I’m half watching the Olympic opening ceremony, and was trying to figure out the order. Is it in alphabetical order of the countries names in Greek? or what is the order.
Alphabetical by Greek alphabet…
It’s alphabetical by the Greek alphabet, with the exception of Greece which as the host country entered last. Traditionally Greece enters first. The solution was to have the Greek flag-bearer enter first and the rest of the delegation enter last.
It will be interesting to see how this is done in Beijing.
Chinese characters are ordered by the number of strokes, and the type of strokes. However, they also widely use the Roman alphabet for spelling out the Chinese pronunciation, a system called pinyin. For instance, England in pinyin is Yingguo.
Of course, there’ll be no need for that, as England is not a competing nation.
But what about France? It entered right before Germany in what seemed to be the gammas. What is France called in Greek?
Here is a link to an Adobe Acrobat list of the countries’s names in Greek, French and English.
France in Greek is ???, which based on my near-complete inability to read Greek I believe is “Gallia.”
Ah. Apparently the board can’t handle the Greek alphabet.
Otto, you need to use Lucida Sans Unicode as your font for Greek to show up.
France is ΓΑΓΓΙΑ = “GALLIA”.
I found it interesting that several of the “B” countries began with “ΜΠ”, such as Bangladesh (ΜΠΑΓΚΛΑΝΤΕΣ), while others like Belgium (ΒΕΛΓΙΟ) began with “Β”. The “V” countries like Vietnam (ΒΙΕΤΝΑΜ) also began with “Β”.
Surely you mean ΓΑΛΛΙΑ
I wondered about that myself. Doesn’t make any sense at all. Except for the V’s being under the betas – the Greek alphabet has no equivalent to the V.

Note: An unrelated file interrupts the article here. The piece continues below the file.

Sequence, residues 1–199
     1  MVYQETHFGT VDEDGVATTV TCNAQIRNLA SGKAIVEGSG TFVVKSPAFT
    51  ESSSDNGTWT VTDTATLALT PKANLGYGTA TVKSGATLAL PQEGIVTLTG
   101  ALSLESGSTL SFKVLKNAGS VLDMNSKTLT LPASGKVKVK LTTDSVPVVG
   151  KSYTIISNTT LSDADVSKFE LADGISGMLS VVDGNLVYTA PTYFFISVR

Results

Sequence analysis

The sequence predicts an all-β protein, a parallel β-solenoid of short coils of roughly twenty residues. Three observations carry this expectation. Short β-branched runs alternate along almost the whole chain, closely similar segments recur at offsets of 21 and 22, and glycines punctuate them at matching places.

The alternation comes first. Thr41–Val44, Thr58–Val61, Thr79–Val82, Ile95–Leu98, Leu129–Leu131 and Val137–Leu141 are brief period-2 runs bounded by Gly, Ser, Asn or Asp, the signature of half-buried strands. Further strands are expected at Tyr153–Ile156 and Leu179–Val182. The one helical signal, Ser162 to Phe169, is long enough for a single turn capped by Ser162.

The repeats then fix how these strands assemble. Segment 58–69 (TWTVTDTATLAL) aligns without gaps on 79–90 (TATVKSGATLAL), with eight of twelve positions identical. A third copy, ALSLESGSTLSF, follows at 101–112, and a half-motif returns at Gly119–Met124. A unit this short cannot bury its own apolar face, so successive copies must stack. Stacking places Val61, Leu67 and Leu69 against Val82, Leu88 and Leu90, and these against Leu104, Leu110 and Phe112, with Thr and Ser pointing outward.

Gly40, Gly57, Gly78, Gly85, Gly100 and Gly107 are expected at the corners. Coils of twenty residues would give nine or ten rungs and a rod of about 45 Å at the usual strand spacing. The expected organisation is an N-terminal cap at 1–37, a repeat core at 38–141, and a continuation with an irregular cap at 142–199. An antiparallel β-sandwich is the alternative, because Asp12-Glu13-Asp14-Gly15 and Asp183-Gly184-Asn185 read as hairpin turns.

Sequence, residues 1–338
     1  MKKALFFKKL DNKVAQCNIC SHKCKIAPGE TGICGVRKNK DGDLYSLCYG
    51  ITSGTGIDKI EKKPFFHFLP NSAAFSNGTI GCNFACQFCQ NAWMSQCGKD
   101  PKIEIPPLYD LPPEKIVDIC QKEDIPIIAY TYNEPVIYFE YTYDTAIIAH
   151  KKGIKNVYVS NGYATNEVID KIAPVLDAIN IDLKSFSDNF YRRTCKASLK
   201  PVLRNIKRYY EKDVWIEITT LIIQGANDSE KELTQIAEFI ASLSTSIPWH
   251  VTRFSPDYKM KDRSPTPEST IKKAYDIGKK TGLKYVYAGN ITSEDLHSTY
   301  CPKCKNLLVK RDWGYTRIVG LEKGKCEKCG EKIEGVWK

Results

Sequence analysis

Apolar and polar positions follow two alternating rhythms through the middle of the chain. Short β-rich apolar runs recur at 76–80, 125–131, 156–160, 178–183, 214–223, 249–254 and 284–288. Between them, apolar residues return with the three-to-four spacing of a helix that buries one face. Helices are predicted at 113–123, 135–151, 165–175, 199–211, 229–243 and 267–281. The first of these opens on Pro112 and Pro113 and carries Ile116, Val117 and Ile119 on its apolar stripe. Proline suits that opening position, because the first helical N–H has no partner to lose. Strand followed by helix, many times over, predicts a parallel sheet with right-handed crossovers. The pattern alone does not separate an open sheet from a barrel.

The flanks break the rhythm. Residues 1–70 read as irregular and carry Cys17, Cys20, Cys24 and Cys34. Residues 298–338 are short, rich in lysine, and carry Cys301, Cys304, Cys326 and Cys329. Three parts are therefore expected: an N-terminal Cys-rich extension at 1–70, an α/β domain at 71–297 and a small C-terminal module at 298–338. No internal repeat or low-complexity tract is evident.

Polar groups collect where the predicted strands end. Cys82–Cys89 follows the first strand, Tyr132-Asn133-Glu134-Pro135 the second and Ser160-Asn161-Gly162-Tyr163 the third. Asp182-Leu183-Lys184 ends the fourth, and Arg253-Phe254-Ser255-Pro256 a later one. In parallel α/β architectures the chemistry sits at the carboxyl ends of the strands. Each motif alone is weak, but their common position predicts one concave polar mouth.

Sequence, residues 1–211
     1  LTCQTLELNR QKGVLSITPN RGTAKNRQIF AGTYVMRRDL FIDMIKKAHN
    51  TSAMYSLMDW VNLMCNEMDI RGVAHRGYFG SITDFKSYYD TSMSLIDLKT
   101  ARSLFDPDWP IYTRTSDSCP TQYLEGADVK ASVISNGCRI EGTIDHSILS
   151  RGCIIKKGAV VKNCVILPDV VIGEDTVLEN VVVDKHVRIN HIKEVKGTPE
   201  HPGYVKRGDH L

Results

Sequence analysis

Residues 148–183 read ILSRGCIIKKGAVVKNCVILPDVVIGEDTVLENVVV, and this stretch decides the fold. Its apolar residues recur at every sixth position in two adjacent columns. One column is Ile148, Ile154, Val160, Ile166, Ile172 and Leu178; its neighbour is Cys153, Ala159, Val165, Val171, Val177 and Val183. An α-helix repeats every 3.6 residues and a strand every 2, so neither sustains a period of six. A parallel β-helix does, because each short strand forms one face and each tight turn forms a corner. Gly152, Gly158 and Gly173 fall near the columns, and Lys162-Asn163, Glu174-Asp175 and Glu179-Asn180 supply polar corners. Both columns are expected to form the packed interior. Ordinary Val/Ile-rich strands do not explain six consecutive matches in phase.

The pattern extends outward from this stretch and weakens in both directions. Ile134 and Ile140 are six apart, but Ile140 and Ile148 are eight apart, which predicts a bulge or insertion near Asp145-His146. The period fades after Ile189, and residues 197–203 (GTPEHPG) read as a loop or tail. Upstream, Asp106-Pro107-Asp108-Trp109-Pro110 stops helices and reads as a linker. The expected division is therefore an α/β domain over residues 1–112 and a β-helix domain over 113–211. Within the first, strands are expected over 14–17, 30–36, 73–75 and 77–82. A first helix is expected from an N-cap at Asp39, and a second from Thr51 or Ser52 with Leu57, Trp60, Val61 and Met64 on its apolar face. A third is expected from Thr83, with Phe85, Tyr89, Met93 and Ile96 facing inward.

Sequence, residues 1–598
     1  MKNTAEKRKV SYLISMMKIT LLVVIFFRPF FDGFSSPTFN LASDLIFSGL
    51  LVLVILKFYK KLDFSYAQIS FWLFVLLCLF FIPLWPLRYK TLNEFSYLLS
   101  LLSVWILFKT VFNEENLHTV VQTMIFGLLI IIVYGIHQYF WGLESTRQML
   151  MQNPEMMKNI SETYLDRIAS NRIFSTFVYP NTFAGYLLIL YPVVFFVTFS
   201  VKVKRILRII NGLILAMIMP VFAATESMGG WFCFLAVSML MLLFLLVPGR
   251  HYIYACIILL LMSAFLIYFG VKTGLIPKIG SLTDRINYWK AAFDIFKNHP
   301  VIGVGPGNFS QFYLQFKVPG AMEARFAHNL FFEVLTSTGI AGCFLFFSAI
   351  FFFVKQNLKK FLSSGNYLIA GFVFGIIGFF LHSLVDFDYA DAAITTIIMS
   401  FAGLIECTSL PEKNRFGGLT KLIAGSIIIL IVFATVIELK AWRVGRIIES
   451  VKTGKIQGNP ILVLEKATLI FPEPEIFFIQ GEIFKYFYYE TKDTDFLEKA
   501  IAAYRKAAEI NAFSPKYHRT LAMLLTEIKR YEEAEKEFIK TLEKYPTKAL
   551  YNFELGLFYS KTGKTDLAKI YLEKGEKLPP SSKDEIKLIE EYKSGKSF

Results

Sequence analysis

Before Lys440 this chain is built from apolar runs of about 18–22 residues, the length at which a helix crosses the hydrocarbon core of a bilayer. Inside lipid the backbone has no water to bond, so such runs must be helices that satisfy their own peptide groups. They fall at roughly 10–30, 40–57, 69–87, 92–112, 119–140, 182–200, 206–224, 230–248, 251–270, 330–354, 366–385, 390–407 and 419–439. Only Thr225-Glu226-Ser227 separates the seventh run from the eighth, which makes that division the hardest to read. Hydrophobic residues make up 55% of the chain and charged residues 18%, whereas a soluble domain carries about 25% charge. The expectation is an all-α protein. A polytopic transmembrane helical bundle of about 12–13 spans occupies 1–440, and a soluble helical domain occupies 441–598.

:smack: Γ, Λ , it’s all Greek to me!
How do you do that? I just get little boxes with omegas in your posts.
You also need to have the font installed on your system for it to work. Don’t particularly know where you can get it.
OK, I think I see a pattern here… All those countries where Greek transcribes a plosive-B as “mu-pi”, are countries that either became independent (Benin, Burkina Fasso), or would have become “known” to the Greek public (due to their exoticism, e.g. Bhutan), only in the past century.
Unlike a place like Brazil or Bolivia who have been around and in the news since the 19th Century.
So I postulate a hypothesis, pulled out of thin air and to be refuted by anyone who actually knows, that originally both “V” and “B” were transcribed as beta, but at some point in relatively recent history, the stylebook changed to a transcription of plosive-B as “mu-pi”, with everyone coming before getting grandfathered.
Which creates for me a question… can someone look up the tapes and tell me if they actually sounded like “Mpenin” or “Mprunai” when they were announced?
Just noticed another similar thing with medial letters:
Aruba (split off from the Neth. Ant. in the 80s) gets transcribed with “mu-pi”, but Cuba (in the news since pre-1898) gets transcribed with “beta”.
There is no ‘mp’ sound in Greek (eg. as in the English word ‘imp’). The diphthong ΜΠ always makes a ‘b’ sound. It is impossible to make a word sound like ‘mpenin’ in greek. It can only come out as ‘benin’. The same applies to the diphthong ΝΤ which always makes a ‘d’ sound. Never ‘nt’.
Its like the ‘th’ sound (as in ‘Smith’) in German. It doesn’t exist!
BTW, I realized that there’s no ‘mp’ or ‘nt’ sound in Greek only after I started learning English.
Another oddity: I noticed on the pommelhorse that it had
on the side. The Greeks are using the Latin alphabet in the Olympics?
One that startled me was that Ecuador wasn’t transliterated, but translated (“Isémerinos”.)